2. Coherence of climate action: the core of government capable of steering transformations

Our public governance machinery – the core of government – has to be able to steer the necessary transformations through systems thinking and collaboration.


Steering our societies toward a 1.5° life requires actions that imply nothing less than the renewal of entire industries; the reorganization of our cities; the overhaul of current mobility systems; and much more. These structural changes require not only the creation of solutions that are both feasible and understandable, but also of new ways to marshal public, private, and civic resources in more effective and synergistic ways.


Let’s take budgeting, for instance. Conventional budgeting processes are designed to ensure fiscal stability. Now, we need to assess and make budgets that equally take into account economic, ecological, and social considerations. From now on, having budget allocations “for the environment” is not enough; all budgets have to take climate impact into account.


Our newly revised governance institutions have to recognize the urgency of the action. Failing this, we are unlikely to reach a 1.5° life. If we do, it will be mainly through individual decisions; not through institutional design. 


This is precisely why we have worked with an approach we call humble governance. It is one example of how we can set up new mechanisms for governance – in this case, governments steer societies and take accountability, yet decentralize and experiment with the implementation of policies.


3. Meaningful policies: new capabilities to deliver policies that make sense

As part of our governance revision, we need to urgently put in place new capabilities for governments on the national, regional, and local levels to be able to both design and deliver more meaningful climate-related policies.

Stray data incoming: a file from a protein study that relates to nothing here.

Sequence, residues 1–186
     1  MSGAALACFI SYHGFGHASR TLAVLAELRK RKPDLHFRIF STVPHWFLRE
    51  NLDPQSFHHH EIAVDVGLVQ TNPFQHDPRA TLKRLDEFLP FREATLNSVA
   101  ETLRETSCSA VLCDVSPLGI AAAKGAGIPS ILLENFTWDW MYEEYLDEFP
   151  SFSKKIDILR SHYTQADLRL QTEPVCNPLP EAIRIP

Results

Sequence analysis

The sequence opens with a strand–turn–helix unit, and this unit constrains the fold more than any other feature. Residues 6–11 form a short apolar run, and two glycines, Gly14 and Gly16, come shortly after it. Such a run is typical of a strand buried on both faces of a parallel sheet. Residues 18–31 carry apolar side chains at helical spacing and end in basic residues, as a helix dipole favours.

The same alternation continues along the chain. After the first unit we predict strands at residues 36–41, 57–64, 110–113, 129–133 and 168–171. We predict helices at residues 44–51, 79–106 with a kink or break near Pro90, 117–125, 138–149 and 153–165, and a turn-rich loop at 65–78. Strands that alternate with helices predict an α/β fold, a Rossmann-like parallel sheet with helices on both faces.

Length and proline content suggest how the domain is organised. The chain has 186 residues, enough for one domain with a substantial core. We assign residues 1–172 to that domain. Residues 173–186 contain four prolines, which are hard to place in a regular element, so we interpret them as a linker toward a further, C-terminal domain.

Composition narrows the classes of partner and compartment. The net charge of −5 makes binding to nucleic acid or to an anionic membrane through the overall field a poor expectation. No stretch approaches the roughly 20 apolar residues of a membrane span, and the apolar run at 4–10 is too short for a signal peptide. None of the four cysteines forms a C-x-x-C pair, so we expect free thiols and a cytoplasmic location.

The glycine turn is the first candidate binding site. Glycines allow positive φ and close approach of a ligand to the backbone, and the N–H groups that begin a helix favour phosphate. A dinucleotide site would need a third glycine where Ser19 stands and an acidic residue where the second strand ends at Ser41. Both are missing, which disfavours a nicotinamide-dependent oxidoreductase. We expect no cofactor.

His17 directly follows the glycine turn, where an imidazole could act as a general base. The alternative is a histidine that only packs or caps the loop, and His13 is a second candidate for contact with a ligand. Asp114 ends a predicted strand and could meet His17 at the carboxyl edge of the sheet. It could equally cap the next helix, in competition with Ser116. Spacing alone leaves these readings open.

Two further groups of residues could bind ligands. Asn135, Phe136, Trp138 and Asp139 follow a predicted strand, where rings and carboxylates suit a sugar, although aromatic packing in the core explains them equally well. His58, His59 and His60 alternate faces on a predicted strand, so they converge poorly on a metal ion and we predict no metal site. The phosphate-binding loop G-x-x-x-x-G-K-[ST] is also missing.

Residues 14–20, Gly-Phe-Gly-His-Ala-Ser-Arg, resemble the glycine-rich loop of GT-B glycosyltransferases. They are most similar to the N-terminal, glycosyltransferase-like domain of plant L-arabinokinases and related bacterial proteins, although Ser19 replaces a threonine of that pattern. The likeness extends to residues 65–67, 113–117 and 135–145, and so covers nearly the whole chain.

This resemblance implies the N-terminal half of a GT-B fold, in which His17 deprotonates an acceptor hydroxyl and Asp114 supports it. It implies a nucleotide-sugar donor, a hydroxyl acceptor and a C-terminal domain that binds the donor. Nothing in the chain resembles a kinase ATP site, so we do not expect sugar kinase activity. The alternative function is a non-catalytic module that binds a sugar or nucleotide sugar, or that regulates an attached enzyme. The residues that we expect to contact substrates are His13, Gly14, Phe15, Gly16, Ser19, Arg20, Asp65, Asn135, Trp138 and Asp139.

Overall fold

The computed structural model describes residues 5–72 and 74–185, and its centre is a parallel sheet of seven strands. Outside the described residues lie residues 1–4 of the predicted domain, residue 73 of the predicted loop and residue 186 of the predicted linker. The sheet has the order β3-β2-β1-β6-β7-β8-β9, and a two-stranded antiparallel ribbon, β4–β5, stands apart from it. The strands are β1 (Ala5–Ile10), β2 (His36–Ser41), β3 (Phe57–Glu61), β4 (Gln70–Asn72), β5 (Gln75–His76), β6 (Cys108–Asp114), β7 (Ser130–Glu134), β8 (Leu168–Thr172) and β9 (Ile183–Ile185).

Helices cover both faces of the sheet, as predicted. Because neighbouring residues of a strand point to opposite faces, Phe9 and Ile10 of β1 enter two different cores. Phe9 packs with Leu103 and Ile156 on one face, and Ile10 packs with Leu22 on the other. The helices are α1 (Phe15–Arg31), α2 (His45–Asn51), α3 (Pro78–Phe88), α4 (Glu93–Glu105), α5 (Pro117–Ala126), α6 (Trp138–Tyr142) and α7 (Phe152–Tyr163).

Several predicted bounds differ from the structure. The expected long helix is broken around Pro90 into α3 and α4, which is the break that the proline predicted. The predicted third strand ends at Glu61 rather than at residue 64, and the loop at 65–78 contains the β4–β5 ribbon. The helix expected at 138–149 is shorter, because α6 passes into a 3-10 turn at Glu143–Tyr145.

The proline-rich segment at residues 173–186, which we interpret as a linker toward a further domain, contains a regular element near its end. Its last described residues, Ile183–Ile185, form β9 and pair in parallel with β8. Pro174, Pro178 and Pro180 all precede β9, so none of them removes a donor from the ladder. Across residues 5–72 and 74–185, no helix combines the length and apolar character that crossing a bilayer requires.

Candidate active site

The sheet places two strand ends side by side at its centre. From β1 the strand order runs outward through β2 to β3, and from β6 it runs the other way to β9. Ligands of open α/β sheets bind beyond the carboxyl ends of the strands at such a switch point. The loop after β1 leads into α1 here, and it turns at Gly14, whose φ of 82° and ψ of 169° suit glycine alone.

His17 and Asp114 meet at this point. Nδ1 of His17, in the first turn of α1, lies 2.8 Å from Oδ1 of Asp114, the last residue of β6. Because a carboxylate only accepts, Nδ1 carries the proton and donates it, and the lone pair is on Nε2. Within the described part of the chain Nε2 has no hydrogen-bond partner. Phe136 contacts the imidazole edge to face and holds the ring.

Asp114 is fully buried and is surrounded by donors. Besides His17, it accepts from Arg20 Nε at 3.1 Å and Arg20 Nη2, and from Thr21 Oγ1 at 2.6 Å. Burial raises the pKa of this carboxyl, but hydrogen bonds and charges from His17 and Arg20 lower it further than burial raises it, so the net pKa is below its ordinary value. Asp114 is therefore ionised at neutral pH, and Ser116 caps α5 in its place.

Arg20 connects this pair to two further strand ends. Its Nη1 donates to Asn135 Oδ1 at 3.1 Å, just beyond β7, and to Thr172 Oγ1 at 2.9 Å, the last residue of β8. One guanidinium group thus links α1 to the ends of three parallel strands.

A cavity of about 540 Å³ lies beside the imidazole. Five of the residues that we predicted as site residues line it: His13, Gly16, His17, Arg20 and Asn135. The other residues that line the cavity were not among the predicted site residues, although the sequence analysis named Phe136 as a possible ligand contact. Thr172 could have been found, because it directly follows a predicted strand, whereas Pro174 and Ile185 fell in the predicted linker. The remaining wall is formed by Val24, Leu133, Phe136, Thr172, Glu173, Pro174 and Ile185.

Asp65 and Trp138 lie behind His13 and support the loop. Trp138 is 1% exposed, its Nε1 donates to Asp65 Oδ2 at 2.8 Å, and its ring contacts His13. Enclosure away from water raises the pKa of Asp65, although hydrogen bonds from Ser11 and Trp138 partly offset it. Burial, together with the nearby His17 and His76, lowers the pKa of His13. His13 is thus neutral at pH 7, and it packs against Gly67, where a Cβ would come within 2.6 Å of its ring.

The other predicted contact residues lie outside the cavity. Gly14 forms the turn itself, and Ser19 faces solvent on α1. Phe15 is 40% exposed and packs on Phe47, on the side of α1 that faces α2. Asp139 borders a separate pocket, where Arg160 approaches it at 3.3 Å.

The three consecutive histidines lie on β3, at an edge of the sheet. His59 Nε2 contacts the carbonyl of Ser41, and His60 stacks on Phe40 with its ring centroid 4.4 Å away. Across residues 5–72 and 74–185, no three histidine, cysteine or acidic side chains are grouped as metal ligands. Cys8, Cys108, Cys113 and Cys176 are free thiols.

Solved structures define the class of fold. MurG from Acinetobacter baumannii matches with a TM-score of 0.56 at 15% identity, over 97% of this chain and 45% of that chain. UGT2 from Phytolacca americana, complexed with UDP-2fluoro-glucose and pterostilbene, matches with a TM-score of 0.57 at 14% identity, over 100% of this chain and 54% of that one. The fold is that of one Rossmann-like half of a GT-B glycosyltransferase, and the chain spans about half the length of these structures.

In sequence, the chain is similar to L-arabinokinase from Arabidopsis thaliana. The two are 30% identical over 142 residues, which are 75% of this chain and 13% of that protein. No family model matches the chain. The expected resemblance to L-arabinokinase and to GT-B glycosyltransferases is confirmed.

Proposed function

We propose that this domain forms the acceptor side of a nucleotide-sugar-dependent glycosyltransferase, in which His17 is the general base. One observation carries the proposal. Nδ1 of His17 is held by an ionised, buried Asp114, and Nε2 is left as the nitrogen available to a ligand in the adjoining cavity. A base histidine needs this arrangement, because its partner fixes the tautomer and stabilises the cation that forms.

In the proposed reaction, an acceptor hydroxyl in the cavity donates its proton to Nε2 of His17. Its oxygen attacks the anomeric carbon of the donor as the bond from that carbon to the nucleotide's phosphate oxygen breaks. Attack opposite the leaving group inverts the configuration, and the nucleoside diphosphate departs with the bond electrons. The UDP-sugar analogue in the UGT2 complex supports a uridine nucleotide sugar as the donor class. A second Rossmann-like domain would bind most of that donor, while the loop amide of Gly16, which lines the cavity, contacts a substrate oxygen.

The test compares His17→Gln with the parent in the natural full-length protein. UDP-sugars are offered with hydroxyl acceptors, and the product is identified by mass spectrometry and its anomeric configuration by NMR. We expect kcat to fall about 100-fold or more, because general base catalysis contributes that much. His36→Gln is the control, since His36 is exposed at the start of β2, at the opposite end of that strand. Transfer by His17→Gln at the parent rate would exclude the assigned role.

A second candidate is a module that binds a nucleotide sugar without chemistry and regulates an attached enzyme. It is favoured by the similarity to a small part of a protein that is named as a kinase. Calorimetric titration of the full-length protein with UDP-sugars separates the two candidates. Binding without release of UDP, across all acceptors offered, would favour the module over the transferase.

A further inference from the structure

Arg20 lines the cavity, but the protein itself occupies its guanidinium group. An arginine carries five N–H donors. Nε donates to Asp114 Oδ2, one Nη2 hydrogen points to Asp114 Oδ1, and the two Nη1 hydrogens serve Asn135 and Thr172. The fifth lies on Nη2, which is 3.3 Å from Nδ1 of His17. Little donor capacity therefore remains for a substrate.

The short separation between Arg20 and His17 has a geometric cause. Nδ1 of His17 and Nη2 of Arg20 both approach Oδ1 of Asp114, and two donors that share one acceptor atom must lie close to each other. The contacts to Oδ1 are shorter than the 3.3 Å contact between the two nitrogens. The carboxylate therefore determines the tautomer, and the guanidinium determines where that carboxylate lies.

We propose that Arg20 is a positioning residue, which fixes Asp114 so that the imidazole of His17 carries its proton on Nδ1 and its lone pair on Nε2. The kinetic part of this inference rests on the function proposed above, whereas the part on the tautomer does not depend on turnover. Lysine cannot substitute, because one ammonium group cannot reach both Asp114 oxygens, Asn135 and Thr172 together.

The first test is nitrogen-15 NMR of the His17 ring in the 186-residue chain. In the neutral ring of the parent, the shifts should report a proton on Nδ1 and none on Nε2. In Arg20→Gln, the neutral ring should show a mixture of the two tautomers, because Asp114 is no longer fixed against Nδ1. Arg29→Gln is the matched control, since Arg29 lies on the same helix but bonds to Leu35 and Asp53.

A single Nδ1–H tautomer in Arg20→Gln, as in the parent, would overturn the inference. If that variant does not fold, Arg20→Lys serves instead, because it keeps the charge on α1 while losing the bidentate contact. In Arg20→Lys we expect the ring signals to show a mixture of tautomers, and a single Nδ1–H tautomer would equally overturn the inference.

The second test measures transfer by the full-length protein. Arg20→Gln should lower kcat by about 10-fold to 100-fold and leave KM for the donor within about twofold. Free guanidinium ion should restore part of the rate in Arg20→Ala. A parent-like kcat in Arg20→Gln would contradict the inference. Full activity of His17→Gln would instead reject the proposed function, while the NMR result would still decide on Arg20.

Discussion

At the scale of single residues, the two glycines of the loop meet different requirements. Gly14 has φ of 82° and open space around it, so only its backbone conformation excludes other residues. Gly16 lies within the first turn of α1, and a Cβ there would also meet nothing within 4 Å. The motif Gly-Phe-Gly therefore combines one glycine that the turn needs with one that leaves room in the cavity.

Based on recent studies, people increasingly agree with the need for climate action. However, they are unaware of what it entails and hesitant about specific policies and their implementation. 


We’ve dealt with this before, through building new capabilities. During the buildup of industrial societies, for instance, new departments were created to deliver social security and services. Cities started to systematize urban planning functions to ensure that people would feel more comfortable with their everyday lives. More recently, communications departments were set up to secure the delivery of telecommunications at high quality and without astronomical cost.


From how cities set up restrictions on urban mobility, to how national governments can systematically experiment with interventions, infusing policies with the latest scientific research, the experiential learning of marginalized groups, indigenous knowledge, new policy experiments, and wiser data, will be key in advancing our collective cause. 


It’s the economy planet, stupid 

And, of course, we can’t forget the vested interests in our economy. Individual, national, and policy governance aside, solving the climate crisis requires global action on an unprecedented scale. 


To substitute fossil fuels, our global economy requires a completely unparalleled level of investment. Added to this, there is a dire need for a global redistribution of resources. Redistribution will be necessary to ensure national responses that are equitable and to address systemic global challenges. What would be the fitting modes of governance in order to achieve sufficient coordination of global action and equity? This is the most acute question of our century.


This is an invitation

As before, when previous modes of governance are unsuccessful in solving the most pressing needs of the time, new modes were created. This question, while it may seem abstract, is important enough to call for both urgent and serious exploration.


I end with a wish. Instead of discussing who supports climate policies and who doesn’t, let’s discuss how we should decide and deliver on those policies. Let’s start to solve the climate crisis by focusing on how we govern it. This once-in-a-lifetime imperative for transformation requires governance that is equipped, capable, and well-positioned in leading it. 


This is our goal and I hope you will join us. We are currently putting together the first hypothesis on how empowering, coherent and meaningful climate action could look like in practice—both from the perspective of the nation-state and the new institutions that may be needed. Drop a line if you’re interested.


Feature Image: Matt Mitchell